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Singing Wings is a collection of material related birds and birding in Southwest Minnesota. Content includes topics such as ideas on taking field notes, local birding location guides, and a detailed assessment of useful plants for inviting birds to your [hardiness zone 4] backyard. I use this site to share information/provide support to participants in classes and presentations I've done. The material is free for use to enhance your bird watching experiences. Enjoy!
On the Lincoln-Lyon County Border, Gislason Lake and the surrounding upland acres has was designates a National Wildlife Refuge in 2010. This land is a most welcome addition to Southwest Minnesota. Combined with Sioux Prairie WMA to the Southeast, birders could spend an entire day searching this complex for nesting species indicative of the prairie pothole region. There is good woodlands to the north (not part of the NWR) and suitable woodlands on the NWR property. A close wetland rounds out this area a destination location for birders. Not far from this location in 2008, Whooping Cranes spotted over for a brief time in the fall.
As management objectives continue to be implemented, this complex will no doubt experience changing migratory species, but the nesting activity should become stable in short time.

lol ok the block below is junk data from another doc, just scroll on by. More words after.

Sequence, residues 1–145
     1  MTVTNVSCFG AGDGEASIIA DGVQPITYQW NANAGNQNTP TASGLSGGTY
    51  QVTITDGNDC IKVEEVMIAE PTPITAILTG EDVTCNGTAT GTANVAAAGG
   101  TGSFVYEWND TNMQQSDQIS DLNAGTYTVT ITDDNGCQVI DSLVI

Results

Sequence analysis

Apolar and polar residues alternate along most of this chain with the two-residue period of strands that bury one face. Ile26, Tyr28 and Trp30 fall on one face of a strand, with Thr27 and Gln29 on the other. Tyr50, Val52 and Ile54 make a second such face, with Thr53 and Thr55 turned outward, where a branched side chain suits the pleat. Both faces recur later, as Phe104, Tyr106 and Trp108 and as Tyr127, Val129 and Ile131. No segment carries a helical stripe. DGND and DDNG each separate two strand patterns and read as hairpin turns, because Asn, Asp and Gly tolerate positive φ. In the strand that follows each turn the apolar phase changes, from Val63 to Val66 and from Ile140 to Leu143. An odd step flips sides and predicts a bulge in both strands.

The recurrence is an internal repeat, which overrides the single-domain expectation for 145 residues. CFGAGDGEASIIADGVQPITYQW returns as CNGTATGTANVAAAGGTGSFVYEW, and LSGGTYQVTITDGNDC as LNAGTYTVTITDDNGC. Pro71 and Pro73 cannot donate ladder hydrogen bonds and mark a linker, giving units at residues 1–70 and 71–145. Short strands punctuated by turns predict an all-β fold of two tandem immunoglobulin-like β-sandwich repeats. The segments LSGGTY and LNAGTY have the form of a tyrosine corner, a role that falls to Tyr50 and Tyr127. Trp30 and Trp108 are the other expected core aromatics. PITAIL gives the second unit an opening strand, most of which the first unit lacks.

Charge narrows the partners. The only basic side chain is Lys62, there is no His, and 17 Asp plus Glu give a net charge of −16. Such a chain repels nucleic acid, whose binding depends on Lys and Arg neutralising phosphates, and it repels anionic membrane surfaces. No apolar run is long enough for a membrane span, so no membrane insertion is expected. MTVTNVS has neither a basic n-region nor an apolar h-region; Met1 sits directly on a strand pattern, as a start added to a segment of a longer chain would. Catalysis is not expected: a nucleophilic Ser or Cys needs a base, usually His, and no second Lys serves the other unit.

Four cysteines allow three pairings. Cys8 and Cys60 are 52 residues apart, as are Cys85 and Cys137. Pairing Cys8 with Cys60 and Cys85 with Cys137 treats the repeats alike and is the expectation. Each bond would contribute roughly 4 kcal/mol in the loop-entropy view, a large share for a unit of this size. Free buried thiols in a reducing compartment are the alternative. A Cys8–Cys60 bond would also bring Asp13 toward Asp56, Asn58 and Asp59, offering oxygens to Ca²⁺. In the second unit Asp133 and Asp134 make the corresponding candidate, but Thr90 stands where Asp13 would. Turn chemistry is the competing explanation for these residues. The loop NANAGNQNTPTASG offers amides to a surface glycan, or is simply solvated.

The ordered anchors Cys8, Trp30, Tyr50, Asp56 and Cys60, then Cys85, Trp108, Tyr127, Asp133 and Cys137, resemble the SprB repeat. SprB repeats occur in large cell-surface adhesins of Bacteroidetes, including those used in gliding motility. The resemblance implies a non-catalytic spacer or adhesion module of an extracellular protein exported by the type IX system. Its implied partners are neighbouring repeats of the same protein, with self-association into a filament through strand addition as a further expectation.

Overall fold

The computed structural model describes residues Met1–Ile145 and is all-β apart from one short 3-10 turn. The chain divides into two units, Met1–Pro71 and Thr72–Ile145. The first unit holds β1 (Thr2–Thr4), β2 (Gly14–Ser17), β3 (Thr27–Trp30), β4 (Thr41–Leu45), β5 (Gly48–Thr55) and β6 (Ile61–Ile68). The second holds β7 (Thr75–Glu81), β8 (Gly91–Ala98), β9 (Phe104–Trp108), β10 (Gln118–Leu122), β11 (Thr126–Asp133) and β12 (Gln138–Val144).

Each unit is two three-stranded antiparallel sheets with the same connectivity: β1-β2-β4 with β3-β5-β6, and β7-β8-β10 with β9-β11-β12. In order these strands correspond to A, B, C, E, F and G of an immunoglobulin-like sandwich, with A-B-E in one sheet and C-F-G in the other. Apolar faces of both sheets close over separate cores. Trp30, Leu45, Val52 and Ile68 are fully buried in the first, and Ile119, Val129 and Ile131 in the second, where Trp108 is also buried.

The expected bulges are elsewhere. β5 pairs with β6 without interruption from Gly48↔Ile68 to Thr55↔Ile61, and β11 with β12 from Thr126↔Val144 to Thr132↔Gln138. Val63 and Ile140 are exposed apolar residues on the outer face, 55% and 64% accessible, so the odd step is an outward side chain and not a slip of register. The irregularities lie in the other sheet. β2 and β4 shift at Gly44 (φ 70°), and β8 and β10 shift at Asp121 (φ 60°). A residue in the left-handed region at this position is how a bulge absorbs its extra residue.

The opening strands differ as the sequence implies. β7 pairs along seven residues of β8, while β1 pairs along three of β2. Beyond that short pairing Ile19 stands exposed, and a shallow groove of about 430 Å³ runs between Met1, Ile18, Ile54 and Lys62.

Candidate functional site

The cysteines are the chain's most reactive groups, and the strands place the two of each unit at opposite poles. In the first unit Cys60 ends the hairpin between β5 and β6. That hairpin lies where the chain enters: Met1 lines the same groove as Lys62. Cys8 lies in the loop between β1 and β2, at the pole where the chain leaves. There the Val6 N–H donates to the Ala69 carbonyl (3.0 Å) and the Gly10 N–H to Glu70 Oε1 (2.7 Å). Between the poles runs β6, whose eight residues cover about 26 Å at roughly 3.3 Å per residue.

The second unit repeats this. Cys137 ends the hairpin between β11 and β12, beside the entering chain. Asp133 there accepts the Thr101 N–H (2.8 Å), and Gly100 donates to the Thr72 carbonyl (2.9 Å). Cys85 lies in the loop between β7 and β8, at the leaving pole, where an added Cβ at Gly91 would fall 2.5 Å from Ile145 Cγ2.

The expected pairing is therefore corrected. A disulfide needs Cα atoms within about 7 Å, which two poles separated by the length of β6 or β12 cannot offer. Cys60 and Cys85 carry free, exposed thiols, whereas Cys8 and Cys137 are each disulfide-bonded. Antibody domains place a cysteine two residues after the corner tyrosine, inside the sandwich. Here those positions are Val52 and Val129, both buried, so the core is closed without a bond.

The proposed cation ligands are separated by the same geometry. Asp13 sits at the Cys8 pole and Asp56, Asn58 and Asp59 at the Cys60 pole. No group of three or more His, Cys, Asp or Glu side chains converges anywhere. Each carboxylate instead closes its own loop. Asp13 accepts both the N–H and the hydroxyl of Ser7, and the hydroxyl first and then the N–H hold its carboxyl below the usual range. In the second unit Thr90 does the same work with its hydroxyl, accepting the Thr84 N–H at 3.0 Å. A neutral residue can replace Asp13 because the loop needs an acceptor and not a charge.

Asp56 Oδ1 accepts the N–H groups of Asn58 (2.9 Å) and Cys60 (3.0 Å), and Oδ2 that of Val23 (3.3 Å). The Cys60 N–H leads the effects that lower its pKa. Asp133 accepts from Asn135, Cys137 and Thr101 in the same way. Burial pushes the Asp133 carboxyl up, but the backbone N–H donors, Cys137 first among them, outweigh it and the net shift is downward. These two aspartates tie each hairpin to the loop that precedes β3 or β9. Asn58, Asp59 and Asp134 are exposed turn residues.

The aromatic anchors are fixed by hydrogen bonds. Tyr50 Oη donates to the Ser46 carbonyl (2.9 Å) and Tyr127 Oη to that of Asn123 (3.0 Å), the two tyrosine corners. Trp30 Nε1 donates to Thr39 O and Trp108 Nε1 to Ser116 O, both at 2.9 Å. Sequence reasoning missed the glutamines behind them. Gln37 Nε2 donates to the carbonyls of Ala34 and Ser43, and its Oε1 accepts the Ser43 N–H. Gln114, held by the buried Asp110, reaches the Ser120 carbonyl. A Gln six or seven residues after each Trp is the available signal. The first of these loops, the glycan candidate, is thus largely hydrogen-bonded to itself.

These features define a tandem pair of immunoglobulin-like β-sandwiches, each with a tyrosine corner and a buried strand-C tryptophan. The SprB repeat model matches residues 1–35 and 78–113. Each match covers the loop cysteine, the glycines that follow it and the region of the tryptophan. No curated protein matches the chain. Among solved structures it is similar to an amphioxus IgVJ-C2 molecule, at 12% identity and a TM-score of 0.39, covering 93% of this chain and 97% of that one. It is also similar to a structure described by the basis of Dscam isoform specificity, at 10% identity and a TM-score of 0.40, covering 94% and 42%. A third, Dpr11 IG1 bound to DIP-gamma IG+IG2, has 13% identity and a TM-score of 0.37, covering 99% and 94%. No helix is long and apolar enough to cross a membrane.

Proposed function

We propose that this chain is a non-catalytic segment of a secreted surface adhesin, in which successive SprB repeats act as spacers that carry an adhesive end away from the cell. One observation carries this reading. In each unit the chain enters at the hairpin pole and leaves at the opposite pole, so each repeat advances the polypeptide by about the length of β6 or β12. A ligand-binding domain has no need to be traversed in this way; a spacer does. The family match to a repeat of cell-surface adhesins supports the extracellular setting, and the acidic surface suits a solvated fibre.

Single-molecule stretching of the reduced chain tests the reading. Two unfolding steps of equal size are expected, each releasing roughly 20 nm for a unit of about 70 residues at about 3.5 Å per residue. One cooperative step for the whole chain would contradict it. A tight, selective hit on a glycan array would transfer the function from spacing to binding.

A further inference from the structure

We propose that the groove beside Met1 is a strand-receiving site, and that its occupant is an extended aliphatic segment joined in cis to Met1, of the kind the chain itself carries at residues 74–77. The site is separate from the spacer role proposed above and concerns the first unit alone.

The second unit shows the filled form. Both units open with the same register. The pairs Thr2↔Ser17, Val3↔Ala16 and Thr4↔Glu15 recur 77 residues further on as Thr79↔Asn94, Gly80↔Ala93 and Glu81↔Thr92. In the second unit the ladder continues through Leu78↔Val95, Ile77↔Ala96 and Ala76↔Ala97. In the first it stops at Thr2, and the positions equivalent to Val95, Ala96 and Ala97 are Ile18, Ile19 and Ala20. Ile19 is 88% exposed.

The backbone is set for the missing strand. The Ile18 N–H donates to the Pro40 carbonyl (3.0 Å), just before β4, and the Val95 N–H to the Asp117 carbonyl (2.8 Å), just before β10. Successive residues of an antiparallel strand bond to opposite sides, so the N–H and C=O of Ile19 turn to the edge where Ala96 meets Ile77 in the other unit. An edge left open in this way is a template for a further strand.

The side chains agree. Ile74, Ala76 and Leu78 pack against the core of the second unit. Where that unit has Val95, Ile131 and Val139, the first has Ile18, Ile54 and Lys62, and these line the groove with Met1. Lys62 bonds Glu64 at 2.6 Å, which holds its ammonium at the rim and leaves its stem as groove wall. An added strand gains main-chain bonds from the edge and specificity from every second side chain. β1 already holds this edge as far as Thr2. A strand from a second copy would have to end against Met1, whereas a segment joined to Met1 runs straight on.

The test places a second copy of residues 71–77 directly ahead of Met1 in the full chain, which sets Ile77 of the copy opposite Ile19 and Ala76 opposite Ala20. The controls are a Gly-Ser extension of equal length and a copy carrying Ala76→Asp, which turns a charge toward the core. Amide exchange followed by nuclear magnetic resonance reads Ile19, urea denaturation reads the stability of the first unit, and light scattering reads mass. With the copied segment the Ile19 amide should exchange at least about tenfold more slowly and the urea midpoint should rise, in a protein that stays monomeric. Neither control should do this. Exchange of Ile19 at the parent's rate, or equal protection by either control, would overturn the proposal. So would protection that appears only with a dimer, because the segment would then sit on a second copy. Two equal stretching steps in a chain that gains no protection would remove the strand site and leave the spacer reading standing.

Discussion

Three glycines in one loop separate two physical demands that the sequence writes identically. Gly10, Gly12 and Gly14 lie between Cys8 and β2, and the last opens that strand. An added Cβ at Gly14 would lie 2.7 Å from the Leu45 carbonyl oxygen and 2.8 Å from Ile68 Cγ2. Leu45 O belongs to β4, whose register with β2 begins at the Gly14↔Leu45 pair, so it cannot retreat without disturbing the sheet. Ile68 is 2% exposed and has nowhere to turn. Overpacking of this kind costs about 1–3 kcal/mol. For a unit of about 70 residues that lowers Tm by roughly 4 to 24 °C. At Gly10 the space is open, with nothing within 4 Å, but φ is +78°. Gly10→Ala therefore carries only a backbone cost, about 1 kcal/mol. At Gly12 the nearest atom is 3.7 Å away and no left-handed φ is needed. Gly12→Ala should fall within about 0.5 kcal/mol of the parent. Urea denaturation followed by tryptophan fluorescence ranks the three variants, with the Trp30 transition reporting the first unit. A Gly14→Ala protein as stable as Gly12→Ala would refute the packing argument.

"Good birding in 30 minutes or less." should be the slogan for this park. Wayside park offers good birding for those who are visiting Marshall, but who do not have enough time for a trip away from city limits. There is suitable woodland here to trap migrants, and play host to nesting Eastern Screech Owl, and about 20 acres of tallgrass prairie for grassland birds - especially during migration. Fall migration is the best time here as the grasses are tall, and the fruit trees are providing for fall migrants. Red-shafted Flicker has been seen here, and I'm convinced the next Northern Mockingbird will be found here. The trails are good and flat, and offer prairie, river, and woodland access.
Before Spring has sprung its time to prepare for the arrival of waves of bird species that may visit your backyard, or rural environment. The link below opens a chart that lists migration dates for the most common species that may visit our yards and acreages, and what they may be looking for. Keep in mind this is only a partial list, and is intended to be representative of similar species that may be in your local area. It may prove helpful when deciding what food, or plants to purchase and offer to the variety of species coming your way.
Your local Department of Natural Resources (DNR) division of waters may be able to let you know which lake/marsh habitats are scheduled for drawdown. Drawdown wetlands often provide excellent shorebird watching opportunities.